TL Johnson Legend Reserve 63 maduro toro

Punch and Draw go on an unexpected winter trip with their first impression review of the TL Johnson Legend Reserve 63 maduro toro.T.L. Johnson Legend Reserve 63 maduro cigar

Punch: The T.L. Johnson Cigar Company is located in central Colorado. Their mission is “To produce a superior line of boutique cigars that cater to both the new and experienced smoker.” We picked up these samples at the 2013 Rocky Mountain Cigar Festival, so they have been aging for nearly a year‐and‐a‐half. This is one of nine blends they offer. Let’s see what we’ve got here.

Draw: This prensado has a maduro wrapper which is lighter than many of the maduros that we’ve smoked lately. It has s a very toothy, medium brown wrapper with one significant vein which is “interrupted” as it spirals up the stick. The seams are visible but not distracting. Construction is good, but the stick overall is quite soft, flexible. There’s a definite give to gentle squeezing.

P: A big punch gives a medium draw with a rich and creamy nuttiness and dark chocolate. The TL Johnson Legend Reserve 63 maduro 6 x 50 toro contains Peruvian ligero and Nicaraguan habano seco filler, bound in a Honduran leaf and wrapped in a maduro habano leaf.

D: I started toasting before I’d even punched it, and also forgot to note my scent observations…scent notes… smell… whatever. Just sniffing the wrapper suggests sweetness. Punching with the smaller punch yields a relatively loose draw, and a salty, kelpy flavor. On lighting, it has an initial flavor of medium roast coffee with a dark chocolate finish.

P: After letting this fellow warm up the flavors are medium‐strong intensity, leather, spicy sweetness, with no pepper finish – odd, since it has such a spicy middle.

D: My first third has a very smooth finish – sweet, chocolaty. The attack is also very smooth, and actually devoid of flavor. The middle has a spicy, almost tangy kick – I’d say radish, but I feel I overuse that, and, it’s not quite radish anyway – that, as Punch points out, is hard to identify. I observe voids in the ash, explaining the sponginess of the stick. It’s otherwise a good smoker.

P: By the second third, the flavor has become rich and complex and more intense. And … wow … it is really hard to describe… maybe a complex fruit mix (sans the sweetness), and an organic chemicaliness – very distinctive, but balanced, at an almost overpowering intensity. It is so intriguing that I have to make a point to give it a rest between puffs.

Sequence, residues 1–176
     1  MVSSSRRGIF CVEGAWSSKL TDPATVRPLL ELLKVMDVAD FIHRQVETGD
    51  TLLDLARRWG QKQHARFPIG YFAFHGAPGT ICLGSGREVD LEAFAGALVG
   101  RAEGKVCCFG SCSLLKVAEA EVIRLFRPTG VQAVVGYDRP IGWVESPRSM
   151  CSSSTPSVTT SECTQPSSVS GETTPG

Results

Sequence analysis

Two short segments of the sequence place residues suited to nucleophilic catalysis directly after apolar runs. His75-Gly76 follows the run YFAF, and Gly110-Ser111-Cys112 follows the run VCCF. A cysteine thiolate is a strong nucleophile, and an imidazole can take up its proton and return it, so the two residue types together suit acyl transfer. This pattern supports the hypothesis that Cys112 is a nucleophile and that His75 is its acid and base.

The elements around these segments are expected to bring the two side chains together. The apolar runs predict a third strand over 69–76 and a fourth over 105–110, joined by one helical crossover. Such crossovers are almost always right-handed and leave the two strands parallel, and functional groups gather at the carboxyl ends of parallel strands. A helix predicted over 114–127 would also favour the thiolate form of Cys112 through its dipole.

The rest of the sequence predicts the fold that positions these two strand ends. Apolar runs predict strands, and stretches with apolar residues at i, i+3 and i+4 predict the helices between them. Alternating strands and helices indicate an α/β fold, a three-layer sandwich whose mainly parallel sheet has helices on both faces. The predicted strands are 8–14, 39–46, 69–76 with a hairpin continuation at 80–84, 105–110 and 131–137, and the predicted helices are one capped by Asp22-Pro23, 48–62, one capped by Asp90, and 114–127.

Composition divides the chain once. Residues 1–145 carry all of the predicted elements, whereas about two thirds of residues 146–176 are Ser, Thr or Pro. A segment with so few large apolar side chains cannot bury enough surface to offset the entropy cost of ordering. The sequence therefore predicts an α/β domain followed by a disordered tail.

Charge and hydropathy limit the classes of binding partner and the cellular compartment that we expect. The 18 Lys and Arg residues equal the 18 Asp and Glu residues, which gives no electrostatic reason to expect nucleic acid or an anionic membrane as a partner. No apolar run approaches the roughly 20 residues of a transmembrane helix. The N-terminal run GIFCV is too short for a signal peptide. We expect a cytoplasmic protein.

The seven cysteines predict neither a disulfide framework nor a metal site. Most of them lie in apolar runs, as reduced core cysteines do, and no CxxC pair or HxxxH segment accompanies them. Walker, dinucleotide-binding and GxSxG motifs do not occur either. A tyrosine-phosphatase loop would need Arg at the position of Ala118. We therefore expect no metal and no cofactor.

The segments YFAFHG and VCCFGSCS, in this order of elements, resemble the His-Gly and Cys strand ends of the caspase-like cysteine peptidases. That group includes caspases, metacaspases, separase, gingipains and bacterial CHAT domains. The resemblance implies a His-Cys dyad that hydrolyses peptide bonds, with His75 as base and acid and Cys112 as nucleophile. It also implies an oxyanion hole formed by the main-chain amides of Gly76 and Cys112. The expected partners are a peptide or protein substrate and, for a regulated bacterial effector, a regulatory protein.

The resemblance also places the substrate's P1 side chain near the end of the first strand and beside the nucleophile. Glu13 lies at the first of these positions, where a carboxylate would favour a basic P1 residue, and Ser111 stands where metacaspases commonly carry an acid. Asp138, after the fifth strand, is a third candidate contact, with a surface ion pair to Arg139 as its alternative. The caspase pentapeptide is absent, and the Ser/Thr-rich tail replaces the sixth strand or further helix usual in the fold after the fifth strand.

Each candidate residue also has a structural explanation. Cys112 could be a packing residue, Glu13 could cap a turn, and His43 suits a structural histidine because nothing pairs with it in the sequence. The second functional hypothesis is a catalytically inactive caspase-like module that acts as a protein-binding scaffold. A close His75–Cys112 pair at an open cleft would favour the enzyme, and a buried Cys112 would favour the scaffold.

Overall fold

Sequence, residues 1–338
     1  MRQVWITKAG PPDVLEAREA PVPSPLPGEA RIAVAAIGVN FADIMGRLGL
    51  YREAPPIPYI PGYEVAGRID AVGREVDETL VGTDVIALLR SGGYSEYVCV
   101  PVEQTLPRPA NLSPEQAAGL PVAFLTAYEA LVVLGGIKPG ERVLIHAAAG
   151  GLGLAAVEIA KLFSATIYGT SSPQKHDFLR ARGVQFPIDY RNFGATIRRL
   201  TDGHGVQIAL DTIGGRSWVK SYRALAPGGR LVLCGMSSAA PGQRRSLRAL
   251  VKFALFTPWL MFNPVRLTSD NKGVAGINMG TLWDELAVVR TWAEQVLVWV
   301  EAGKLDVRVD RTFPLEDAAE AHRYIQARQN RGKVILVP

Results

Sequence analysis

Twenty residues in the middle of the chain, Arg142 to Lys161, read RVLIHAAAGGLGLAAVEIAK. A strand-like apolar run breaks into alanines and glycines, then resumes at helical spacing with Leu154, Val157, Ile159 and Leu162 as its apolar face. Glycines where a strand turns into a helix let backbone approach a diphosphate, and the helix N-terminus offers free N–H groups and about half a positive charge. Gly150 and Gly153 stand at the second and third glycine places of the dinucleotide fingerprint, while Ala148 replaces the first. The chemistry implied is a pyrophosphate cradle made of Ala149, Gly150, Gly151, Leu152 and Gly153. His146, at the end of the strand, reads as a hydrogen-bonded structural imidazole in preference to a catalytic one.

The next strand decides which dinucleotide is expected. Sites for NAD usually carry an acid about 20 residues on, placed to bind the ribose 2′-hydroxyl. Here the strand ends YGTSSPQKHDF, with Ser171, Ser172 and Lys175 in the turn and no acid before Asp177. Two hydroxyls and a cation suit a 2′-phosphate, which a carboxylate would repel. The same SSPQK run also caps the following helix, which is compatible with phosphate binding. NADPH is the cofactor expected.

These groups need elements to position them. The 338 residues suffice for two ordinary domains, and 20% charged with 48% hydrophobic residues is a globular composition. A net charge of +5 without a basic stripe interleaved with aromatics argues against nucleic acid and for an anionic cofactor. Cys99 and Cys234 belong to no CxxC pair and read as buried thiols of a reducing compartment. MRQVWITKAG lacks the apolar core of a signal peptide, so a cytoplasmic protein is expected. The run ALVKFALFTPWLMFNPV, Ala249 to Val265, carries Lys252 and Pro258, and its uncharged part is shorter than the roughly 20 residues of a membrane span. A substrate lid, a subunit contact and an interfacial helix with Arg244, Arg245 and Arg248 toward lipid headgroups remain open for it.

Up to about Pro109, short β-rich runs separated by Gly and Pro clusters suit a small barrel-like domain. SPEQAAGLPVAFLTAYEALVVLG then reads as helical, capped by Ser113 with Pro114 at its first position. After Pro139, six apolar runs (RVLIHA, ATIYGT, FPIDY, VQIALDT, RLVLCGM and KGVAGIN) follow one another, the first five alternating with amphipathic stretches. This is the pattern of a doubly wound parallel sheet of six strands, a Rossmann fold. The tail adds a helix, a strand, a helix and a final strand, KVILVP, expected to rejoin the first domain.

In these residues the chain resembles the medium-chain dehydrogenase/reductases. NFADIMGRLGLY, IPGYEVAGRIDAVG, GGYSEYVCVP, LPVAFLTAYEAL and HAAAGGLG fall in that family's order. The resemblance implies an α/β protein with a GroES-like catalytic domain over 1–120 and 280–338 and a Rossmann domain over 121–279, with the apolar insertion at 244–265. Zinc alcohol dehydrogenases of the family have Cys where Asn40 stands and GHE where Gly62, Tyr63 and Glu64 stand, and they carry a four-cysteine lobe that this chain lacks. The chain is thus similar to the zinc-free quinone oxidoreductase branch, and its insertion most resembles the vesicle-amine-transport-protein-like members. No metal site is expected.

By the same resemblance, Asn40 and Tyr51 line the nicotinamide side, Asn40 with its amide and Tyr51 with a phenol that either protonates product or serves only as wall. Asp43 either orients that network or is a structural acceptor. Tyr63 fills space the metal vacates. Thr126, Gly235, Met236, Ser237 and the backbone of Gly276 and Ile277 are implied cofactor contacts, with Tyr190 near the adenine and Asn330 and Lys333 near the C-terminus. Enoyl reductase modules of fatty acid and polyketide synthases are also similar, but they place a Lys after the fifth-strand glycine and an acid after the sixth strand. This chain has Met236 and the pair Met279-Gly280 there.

D: At about the middle, I’m getting a hazelnut coffee on the attack, and I’m going to go with a smoked, aged Swiss for the middle – something tangy and complex, but still creamy. The finish contains coffee, dark chocolate as sweetness, and what I’m going to call Band‐Aid™ strip, which probably means latex and some kind of adhesive. This carries into the aftertaste with latex and cocoa. There’s a coating in my mouth, or a response to something by my mouth, that is curiously unpleasant.

P: Into the last third the flavor intensity has ebbed back to sub‐epic. Band Aid™ is a good description of that chemically flavor. That is still there, with some cedar joining in. Wow! Just now some different flavors jumped me from behind – this thing is wild and indescribable, yet foolishly I try anyway. Brake fluid? Wait! Am I still smoking a cigar??! Let me hold it under the light – yep, it looks like a cigar. Suffice it to say, this thing is COMPLEX and rapidly shifting from one wild profile to another. Now I’m getting cherry gas‐station‐restroom air‐freshener with urinal cake (new, not used).

D: About three fingers of total length left, and the flavor is doing the serpentine, Sydney! Some draws are a mild, almost coconut cream flavor. Other draws are big burnt‐leather intense. The latest draw tasted of Betadine™… which should not be ingested, kids. In fact, you’re too young to be reading this review: click HERE. Overall, it is much milder‐intensity. The aftertaste is still latex and chocolate sweet, with a weird, chemically film. I’m also having fits from the voids in the filler, causing an inconsistent burning. I’ve touched it up a few times, and relit it a few times, too.

First Impression Summary

Punch: This was wild and intense‐flavored – unlike anything I’ve had before. A roller‐coaster ride of strange flavors. Do I like it? I don’t dislike it. It gave me a most surreal smoking experience. I wouldn’t like that if I was hoping for some other flavor profile. But having no particular expectation when lighting this up I’d have to say it was fun, in a carnival ride sort of way. Get some Legend Reserve 63 maduros to fend off the hum drums if you are in a smoking rut. The burn on mine was fine, only needing a couple of touch‐ups. These were 18 months old. I’d like to try a fresh one to see if there is any difference. For that matter, maybe I’ll try smoking a urinal cake (new, not used).

Draw: My experience has been less‐than‐satisfactory with voids in the filler – giving a woolly, flaky ash and frequent re‐lights – and a flavor that is chemically overall. Based on this one cigar, I don’t know that I’d want another. Setting that aside, this Legend Reserve 63 maduro had a mild strength, the flavor is moderately intense, and the variety of flavor is surprising to the point of staggering. The last third is a total trip and, if no other, is the reason to smoke this. For that reason alone, I’d hazard smoking a few more of these: mostly because Punch’s smoking experience suggests my cigar was a fluke in terms of the negatives.

We were each smoking a freebie from 2013 Rocky Mountain Cigar Festival. As always, if we latch onto more of these, we’ll upgrade this summary with better detail. Check out the T.L. Johnson web site for the Colorado retailers who sell these.

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